Building peace in the minds of men and women

MOST School in Tajikistan on "Youth Return Migration: Problems and Research-Informed Solutions"

When, local time: 
Thursday, 28 March 2019 - 9:00am to Friday, 29 March 2019 - 6:00pm
Where: 
Tajikistan, Dushanbe
Type of Event: 
Category 7-Seminar and Workshop
Contact: 
Arina Myassoyed, a.myassoyed@unesco.org

The MOST* School in Dushanbe will be the first national MOST school carried out in Central Asia.

MOST School will take place between 28 and 29 of March 2019, at the premises of the UN Information Resource Centre at the Russian – Tajik Slavonic University, Dushanbe, Tajikistan.

Migration is as a complex social, economic, and political phenomenon, in which the expected income differences and the expected probability of finding employment abroad play a significant role. The issues of migration is high on the Tajik international rights agenda. According to Human Rights Centre, young migrants of Tajikistan (aged 15-24 years) constitute an increasing share of labor migrants. Meanwhile, it is necessary to mention that more than half of the population of Tajikistan is young people under the age of 30.

In spite of the reasons of their return to Tajikistan, labor migrants, especially young people and their families, faced complex problems, which required a high attention and prompt solutions from the governmental authorities. Young labour immigrants were not interested in obtaining professional or technical education, and were more willing to work in low-skill requiring departments abroad, since they cannot find jobs at home. Some returned migrants in Tajikistan are struggling to put their new skills into practice because the necessary equipment and technologies are lacking in Tajikistan. Additionally, due to the long-term absence, returning migrants lost their contacts with some relatives, friends or former colleagues, who could potentially help them find a decent job. Furthermore, young returned migrants also do not have any financial opportunities to obtain formal professional education to improve their skills and knowledge in order to compete in the labor market. Another problem is that any capacity-building training can only be recognized through a formal education system, and any skills gained informally remain completely unrecognized, preventing young returned migrants to enter the labor market and find a job with decent salaries.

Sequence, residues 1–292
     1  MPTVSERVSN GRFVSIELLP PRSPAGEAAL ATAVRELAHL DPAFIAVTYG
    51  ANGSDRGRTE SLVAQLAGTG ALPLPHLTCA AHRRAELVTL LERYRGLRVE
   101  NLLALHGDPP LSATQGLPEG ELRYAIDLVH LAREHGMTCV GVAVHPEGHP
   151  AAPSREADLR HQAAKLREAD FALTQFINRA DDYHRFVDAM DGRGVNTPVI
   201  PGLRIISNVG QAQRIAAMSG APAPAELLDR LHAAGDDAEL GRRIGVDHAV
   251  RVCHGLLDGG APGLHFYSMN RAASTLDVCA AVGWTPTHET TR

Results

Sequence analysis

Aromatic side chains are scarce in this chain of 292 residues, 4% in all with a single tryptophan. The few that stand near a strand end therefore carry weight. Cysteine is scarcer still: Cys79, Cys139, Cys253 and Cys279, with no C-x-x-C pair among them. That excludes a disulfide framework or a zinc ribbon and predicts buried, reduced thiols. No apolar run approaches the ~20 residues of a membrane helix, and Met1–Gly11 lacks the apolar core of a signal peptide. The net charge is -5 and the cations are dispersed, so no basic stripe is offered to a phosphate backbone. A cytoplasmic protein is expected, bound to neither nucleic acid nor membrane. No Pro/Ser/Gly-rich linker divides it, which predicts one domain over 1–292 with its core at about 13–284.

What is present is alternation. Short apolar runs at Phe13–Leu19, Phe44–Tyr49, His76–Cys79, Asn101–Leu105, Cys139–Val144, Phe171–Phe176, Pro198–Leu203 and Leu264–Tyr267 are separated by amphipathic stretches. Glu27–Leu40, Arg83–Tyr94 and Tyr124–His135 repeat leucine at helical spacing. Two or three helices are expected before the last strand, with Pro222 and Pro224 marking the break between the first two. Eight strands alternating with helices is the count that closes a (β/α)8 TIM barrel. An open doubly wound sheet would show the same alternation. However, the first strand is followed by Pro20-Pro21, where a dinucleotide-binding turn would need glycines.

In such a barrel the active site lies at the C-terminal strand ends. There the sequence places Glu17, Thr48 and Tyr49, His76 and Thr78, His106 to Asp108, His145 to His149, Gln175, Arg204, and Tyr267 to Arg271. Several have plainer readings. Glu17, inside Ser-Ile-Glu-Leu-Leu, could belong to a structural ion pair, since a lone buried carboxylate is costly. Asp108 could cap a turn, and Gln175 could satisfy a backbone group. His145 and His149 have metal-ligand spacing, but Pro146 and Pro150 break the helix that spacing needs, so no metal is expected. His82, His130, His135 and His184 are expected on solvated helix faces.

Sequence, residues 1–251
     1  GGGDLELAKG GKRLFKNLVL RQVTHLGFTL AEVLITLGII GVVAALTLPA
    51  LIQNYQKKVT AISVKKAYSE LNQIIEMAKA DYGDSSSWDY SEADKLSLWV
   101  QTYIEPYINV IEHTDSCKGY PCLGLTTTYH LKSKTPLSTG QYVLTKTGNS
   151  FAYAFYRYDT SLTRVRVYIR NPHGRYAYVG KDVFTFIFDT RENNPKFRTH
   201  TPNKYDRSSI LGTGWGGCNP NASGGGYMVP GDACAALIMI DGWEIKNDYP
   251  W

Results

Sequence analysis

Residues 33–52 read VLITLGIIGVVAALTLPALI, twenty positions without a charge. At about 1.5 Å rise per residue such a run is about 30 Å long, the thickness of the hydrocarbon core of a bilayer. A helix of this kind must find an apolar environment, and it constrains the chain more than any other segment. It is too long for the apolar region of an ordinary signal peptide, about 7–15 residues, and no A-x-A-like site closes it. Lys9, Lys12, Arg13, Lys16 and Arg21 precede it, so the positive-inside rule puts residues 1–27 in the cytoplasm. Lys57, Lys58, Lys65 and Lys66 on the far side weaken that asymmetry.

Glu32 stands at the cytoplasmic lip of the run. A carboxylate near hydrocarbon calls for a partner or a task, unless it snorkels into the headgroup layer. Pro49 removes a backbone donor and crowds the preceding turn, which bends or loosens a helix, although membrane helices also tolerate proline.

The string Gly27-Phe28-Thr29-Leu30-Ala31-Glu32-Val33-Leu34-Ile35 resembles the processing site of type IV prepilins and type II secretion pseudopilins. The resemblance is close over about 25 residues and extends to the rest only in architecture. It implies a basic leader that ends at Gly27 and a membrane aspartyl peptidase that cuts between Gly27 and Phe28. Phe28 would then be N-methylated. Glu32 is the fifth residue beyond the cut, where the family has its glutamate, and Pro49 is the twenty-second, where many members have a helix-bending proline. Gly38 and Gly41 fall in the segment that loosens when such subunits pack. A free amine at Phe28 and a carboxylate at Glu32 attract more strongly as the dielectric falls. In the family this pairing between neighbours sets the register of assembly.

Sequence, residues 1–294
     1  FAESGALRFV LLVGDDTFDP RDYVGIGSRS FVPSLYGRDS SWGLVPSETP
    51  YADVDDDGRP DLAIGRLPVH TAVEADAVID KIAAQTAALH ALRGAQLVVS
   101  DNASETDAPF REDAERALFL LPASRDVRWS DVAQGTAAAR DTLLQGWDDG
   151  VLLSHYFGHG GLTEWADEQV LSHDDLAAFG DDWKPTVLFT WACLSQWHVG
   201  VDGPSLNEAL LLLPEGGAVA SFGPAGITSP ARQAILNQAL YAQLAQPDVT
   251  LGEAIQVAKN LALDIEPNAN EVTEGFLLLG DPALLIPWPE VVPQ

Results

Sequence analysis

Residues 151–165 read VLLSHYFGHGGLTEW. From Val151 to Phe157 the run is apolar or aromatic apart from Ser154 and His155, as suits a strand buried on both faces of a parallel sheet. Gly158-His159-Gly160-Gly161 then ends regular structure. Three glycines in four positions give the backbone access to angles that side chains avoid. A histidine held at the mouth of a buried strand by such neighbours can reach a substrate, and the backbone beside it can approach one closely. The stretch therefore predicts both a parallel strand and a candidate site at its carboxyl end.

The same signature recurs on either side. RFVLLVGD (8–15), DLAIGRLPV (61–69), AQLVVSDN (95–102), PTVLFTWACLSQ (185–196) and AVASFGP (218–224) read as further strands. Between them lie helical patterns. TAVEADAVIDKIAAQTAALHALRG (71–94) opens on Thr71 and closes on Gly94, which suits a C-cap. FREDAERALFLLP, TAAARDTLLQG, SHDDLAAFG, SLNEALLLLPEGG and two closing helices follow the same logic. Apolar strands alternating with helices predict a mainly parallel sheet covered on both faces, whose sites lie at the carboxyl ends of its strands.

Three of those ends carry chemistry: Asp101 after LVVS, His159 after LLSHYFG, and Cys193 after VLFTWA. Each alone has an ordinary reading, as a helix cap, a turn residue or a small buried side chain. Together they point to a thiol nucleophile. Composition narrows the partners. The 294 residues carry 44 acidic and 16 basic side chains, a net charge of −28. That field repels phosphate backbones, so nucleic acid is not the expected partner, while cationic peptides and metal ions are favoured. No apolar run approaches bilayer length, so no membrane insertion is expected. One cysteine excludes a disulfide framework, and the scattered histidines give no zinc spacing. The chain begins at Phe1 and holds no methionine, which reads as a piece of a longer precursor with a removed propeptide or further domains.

In addition, prohibition of entry into the Russian Federation, administrative penalties, and the lack of proper working and living conditions faced by young labor immigrants abroad have a negative impact on their mental health. Therefore, their successful reintegration into their families and society is a very important task for their further socio-economic development, which can help prevent them from being marginalized, isolated, radicalized and involved in crime.

On the basis of the several facts mentioned in Tajikistan, the MOST School will provide a space for collective learning among key development stakeholders in the country. It will focus on the identification of the capacity gaps that might exist at the national level in relation to the youth return migration problems and challenges, while addressing possible alternatives for the solution of those gaps. The school, conceived as a knowledge brokering exercise, will bring together academics, public officials and representatives from civil society, and it aims to provide a foundation for a steady multi-stakeholder dialogue on the return youth migration in the context of SDGs in Dushanbe.

UNESCO, through its MOST Programme, will coordinate the process of follow-up of the school with other UN entities, national stakeholders, and international donors. One key objective is to stimulate further capacity building activities, which drawing on the results of the school but not necessarily related to MOST, may contribute to strengthening national capabilities in connection with the 2030 development agenda.

* Management of Social Transformations (MOST) Programme